The qualified business income deduction (also known as Section 199A) was a significant part of the Tax Cuts and Jobs Act of 2017. It allows business owners of various entity types a deduction on their personal tax returns of up to 20% of their total qualified business income (QBI), qualified real estate investment trust (REIT) dividends and qualified publicly traded partnership (PTP) income. As simple as the mathematics may sound, the calculation is rather complex, requiring the application of specific technical rules. So let’s break this down into some straightforward, easy to understand concepts.
What is considered Qualified Business Income?
QBI is the net amount of income, gain, deduction and loss from any qualified trade or business including income from pass-through entities such as partnerships, S-corporations, trusts and estates. C-Corporations do not qualify for this deduction. Also included in the net calculation of QBI, (so these items will reduce QBI), are any deductible portion of self-employment taxes, self-employed health insurance premiums and contributions to qualified retirement plans. There are some specific rules as it relates to rental income but a good guideline to follow would be, if the rental activity rises to the level of a trade or business it is generally includable in QBI and subsequently eligible for the QBI deduction.
How is QBI Calculated?
1. The Taxpayer’s level of taxable Income needs to be determined. If it is greater than $160,700 for single, $321,400 married filing joint (for 2019) then step 2 and 3 come into play. If it is below that threshold the QBI component portion is quite simple. It is equal lesser of 20% of QBI or 20% of taxable income before QBI deduction.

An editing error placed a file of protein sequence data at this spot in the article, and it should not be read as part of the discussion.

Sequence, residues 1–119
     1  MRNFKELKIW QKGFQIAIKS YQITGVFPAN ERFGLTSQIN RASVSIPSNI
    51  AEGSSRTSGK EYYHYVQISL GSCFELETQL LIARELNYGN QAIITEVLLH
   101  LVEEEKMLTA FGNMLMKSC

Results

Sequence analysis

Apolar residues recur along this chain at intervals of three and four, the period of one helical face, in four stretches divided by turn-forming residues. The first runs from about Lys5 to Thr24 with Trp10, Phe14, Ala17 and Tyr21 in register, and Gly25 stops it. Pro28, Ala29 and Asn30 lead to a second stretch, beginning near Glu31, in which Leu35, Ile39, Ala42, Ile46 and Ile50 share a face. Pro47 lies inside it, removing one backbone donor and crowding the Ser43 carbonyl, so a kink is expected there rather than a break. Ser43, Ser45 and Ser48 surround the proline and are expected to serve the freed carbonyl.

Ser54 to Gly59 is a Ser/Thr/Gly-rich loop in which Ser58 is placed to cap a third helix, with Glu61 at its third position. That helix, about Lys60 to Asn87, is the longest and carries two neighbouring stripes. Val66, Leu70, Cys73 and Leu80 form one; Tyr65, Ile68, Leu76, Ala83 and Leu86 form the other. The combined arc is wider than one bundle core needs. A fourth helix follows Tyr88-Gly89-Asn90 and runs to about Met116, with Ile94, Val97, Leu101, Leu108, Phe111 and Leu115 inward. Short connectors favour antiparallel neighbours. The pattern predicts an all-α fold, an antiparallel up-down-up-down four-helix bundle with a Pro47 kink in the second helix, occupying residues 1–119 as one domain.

2. To be determined is the type of trade or business for each income source qualifying as QBI. Is this business considered a Specified Service Trade or Business (SSTB)? An SSTB is a business involved in the performance of services in the fields of health, law, accounting, athletics, consulting and financial services just to name a few. If the answer to this is yes and you are over the above limits the QBI deduction starts to phase out (phase out computation for SSTB is beyond the scope of the discussion here). Once your taxable income reaches $210,700 for single, $421,400 then no QBI deduction is allowed for SSTB income.
3. The last limitation relies on two pieces of information, W-2 wages paid by the qualified business and the unadjusted basis immediately after acquisition (UBIA) of qualified property. In the case of a partner or shareholder this would be the Taxpayer’s portion of the two amounts (ex. if 50% shareholder then 50% of wages and UBIA). Therefore the QBI component deduction that is evaluated is the greater of:
a. 50% of the Taxpayer’s portion of W-2 wages OR
b. 25% of the Taxpayer’s portion of W-2 wages plus 2.5% of their portion of UBIA
The second component, the REIT/PTP component, is the easier of the two calculations by simply taking 20% of the total REIT dividends and PTP income. The only limitation that may apply comes into play based on the Taxpayer’s level of taxable income at the same threshold as we previously discussed. If this threshold is surpassed then the PTP’s type of business conducted may create a phase-out of the qualified income.
Now that we know what type of income qualifies and the different pieces of the calculation for the deduction, the final step is a limitation on the deduction as a whole. The entire QBI deduction will be the lesser of: the QBI Component plus the REIT/PTP component OR 20% of the Taxpayer’s (and spouse’s if joint filing) taxable income minus any capital gains.
If you have any questions about how this applies to your specific situation, please reach out to your Faw Casson advisor.